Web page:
Fifty years ago, Betty Friedan wrote in The Feminine Mystique that American women suffered from "the problem that has no name"—a growing sense of emptiness and boredom. Her solution to the increasing mechanization and isolation of the American home was for women to leave it, just as men did. Seek meaning in a useful vocation, she advised, and hire help to care for the children.
Many women have taken her advice, but research indicates not only that children have suffered as a result, but also that women themselves prefer what they left behind at home. In "The Plight of the Alpha Female" (City Journal, Autumn 2012), Kay Hymowitz argues that "women are less inclined than men to think that power and status are worth the sacrifice of a close relationship with their children." Hymowitz reports on a longitudinal study of graduates of the University of Chicago's Booth School of Business. Although male and female graduates of Booth began their careers in equal numbers and earned roughly equal salaries, almost half of the women had quit within ten years, while 90 percent of the men remained in the workforce. Even though these women were probably well able to afford childcare, they chose to leave profitable careers in order to stay at home with their children.
Similarly, a recent survey of 1,000 mothers conducted by Forbes revealed that while only 10 percent of stay-at-home mothers wished they still worked, about half of working mothers wished they could stay home. And it appears that mothers are actually happier when they do so. A 2011 study by Judith Treas, Tanja van der Lippe, and Tsuio Chloe Tai across 28 countries found "a small, but statistically significant and robust, happiness advantage for homemakers compared to full-time working wives." The researchers concluded, "All things considered, homemakers are slightly happier, full-time workers are slightly less happy, and part-timers are much like homemakers."
While the data indicate that women want to care for their children and are happier when they do, the stark reality is that they still seem to think they should pursue a high-powered, full-time career while postponing childbirth. The mean age of a woman's first childbirth in the U.S. is a bit over 25 years, according to the U.S. Census Bureau, and the overall U.S. birthrate is at an all-time low of 63.2 per 1,000 women aged 15–44, making for a total fertility rate of 1.9 (replacement level is 2.1).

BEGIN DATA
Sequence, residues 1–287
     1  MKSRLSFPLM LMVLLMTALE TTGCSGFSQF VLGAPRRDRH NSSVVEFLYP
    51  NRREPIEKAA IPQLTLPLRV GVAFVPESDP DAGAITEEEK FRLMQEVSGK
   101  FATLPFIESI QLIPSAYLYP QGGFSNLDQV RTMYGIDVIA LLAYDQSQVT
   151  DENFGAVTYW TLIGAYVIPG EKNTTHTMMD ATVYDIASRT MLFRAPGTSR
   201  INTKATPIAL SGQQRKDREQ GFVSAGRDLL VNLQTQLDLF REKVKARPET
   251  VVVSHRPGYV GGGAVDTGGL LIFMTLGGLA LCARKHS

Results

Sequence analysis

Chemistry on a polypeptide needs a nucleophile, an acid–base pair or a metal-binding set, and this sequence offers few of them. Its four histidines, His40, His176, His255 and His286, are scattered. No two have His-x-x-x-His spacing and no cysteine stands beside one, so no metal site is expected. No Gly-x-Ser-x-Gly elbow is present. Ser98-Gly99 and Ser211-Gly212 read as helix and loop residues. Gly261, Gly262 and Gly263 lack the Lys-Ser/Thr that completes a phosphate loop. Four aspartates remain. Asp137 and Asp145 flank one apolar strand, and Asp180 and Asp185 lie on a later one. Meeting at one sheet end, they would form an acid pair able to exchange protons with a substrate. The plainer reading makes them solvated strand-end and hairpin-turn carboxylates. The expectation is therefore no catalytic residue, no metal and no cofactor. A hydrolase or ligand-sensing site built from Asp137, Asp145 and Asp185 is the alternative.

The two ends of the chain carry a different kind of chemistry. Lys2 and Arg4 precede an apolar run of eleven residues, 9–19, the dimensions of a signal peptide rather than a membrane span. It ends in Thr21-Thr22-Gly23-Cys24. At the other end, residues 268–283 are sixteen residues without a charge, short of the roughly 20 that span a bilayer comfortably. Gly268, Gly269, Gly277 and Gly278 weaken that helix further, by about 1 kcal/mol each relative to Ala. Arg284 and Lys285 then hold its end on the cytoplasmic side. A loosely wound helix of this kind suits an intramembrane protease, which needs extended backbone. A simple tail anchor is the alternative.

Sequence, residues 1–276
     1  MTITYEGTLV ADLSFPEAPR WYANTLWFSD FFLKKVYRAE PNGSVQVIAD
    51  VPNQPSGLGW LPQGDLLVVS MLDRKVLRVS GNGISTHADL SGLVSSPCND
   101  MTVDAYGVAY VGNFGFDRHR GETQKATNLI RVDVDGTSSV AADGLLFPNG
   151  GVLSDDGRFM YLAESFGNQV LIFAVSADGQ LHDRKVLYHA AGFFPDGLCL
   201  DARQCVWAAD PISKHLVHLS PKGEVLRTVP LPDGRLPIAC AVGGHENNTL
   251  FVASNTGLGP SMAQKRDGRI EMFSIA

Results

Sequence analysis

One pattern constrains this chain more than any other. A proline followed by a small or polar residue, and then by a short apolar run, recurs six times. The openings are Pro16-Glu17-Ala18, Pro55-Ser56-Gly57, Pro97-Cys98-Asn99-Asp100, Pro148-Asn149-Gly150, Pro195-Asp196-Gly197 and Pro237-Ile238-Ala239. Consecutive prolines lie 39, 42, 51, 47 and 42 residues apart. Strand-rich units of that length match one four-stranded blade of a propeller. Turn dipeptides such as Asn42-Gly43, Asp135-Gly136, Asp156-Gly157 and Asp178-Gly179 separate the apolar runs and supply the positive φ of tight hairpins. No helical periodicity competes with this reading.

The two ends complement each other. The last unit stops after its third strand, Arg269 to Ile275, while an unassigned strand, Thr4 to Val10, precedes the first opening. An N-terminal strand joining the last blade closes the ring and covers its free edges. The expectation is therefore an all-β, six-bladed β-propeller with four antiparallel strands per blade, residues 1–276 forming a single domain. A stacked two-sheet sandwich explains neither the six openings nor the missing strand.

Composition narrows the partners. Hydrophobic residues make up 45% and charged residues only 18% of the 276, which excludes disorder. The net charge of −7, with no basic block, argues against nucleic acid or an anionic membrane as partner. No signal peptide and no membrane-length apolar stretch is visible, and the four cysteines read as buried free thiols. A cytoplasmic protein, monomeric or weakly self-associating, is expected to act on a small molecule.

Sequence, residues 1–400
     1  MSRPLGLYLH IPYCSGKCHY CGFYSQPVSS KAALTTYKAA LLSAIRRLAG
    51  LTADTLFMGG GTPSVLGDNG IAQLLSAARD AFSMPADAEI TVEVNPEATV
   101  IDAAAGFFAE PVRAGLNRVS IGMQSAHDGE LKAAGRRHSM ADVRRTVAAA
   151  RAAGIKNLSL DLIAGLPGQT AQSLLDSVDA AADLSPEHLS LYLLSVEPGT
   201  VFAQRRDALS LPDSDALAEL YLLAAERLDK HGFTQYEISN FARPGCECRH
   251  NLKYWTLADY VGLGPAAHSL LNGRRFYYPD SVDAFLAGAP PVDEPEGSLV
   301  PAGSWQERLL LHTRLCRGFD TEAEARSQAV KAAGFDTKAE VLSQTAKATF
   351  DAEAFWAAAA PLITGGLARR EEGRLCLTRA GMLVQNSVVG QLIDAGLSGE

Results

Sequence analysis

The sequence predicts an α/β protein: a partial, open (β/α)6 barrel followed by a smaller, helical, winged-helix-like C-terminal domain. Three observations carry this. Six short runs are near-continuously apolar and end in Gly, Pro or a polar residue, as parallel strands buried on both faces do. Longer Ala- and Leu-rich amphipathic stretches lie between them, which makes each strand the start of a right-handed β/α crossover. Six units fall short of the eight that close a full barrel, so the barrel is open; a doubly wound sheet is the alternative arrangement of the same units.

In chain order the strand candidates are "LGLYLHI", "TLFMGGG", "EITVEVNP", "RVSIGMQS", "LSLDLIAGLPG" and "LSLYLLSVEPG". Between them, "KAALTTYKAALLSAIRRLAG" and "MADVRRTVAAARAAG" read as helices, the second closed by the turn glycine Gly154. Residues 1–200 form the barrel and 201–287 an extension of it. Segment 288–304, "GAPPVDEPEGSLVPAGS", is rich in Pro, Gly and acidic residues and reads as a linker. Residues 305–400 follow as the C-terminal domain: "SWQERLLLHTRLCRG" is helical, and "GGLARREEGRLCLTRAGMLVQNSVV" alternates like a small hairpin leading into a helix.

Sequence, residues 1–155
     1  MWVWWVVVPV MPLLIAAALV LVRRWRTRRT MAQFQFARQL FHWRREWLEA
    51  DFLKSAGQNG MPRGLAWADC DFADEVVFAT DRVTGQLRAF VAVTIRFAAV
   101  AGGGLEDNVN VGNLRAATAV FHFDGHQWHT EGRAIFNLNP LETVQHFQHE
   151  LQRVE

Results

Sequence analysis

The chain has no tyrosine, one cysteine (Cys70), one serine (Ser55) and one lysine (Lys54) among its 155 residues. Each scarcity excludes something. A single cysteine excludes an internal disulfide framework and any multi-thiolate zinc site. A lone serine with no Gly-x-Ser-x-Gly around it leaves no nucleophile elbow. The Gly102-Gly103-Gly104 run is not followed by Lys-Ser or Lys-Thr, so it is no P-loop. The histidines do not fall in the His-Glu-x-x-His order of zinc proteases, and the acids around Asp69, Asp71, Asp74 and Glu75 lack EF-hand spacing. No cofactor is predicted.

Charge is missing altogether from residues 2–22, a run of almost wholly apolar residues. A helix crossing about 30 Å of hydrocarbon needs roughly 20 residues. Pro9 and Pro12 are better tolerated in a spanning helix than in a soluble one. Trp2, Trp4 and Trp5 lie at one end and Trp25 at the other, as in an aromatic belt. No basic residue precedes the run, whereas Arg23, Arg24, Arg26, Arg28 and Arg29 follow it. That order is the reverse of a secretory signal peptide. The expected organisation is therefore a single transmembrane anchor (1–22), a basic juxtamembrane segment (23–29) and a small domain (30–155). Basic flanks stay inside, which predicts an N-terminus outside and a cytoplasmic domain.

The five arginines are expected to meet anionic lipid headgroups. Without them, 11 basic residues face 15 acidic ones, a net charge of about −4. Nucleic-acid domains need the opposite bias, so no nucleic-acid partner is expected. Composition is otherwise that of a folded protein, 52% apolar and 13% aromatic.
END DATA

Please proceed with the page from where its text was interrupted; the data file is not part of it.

What the data do not show is how many of these women would have liked to have more children but perhaps couldn't. Recent mathematical models indicate that 95 percent of women have only 12 percent of their eggs remaining at age 30. Thus, women who have put off having children until their thirties often find that they have waited too long and their fertility has failed them. The popularity of IVF and other reproductive technologies, despite their costliness, suggests that this is the case for large numbers of women.
But those still in their prime fertile years may find a lesson in these data. Young wives should not trust that they can push children back indefinitely, or, if they do have them early, that they'll be content to entrust their care to others. Many women assume they won't mind using daycare, only to realize too late that they do mind, but by now their mortgage requires a dual income.
The decision to live in a way that would allow them to stay home to care for their children is one that many women wish they had made. Younger women should consider this, for although the decision involves sacrifice and effort, it may also be a way to avoid regret. •
This column has been adapted from a longer article that appeared in the winter 2013 issue of The Family in America: A Journal of Public Policy.
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